Willingness to engage in peer-delivered HIV voluntary counselling and testing among people who inject drugs in a Canadian setting

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Abstract

Background

People who inject drugs (IDU) face unique systemic, social and individual barriers to conventional HIV voluntary counselling and testing (VCT) programmes. Peer-delivered approaches represent a possible alternative to improve rates of testing among this population.

Methods

Cross-sectional data from a prospective cohort of IDU in Vancouver, Canada, were collected between December 2011 and May 2012. Bivariate statistics and multivariate logistic regression were used to identify the prevalence of and factors associated with willingness to receive peer-delivered VCT.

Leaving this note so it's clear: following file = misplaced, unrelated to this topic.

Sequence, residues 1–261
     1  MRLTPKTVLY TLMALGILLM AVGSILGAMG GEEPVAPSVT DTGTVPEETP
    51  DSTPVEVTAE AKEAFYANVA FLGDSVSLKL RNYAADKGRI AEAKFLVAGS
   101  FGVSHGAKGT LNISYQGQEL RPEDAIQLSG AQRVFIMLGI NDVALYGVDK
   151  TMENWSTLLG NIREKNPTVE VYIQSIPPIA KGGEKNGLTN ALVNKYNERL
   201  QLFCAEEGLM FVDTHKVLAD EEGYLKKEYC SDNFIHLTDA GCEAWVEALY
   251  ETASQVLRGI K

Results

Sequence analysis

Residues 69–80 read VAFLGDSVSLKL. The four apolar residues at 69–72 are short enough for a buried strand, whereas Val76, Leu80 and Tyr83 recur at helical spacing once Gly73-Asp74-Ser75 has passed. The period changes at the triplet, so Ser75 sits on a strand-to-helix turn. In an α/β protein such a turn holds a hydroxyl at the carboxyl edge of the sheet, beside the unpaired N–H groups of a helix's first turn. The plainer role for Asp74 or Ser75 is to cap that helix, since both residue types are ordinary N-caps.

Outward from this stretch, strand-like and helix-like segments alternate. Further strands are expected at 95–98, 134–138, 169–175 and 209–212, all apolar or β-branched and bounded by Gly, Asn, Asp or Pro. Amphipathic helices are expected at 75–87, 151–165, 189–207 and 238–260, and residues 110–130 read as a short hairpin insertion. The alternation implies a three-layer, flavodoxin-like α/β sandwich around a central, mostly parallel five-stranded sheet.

Results

Of 600 individuals, 51.5% indicated willingness to receive peer-delivered pretest counselling, 40.7% to receive peer-delivered rapid HIV testing and 42.8% to receive peer-delivered post-test counselling. Multivariate analyses found significant positive associations between willingness for pretest counselling and having used Vancouver's supervised injection facility, Insite, or being a member of VANDU (a local drug user organisation) (all p<0.05). Daily crack smoking and having used Insite were positively associated with willingness to receive peer-delivered HIV testing (p<0.05). Willingness to receive peer-delivered post-test counselling was positively associated with male gender, daily crack smoking, having used Insite and being a member of VANDU (p<0.05).

Conclusions

While not universally acceptable, peer-delivered VCT approaches may improve access to HIV testing among IDU.

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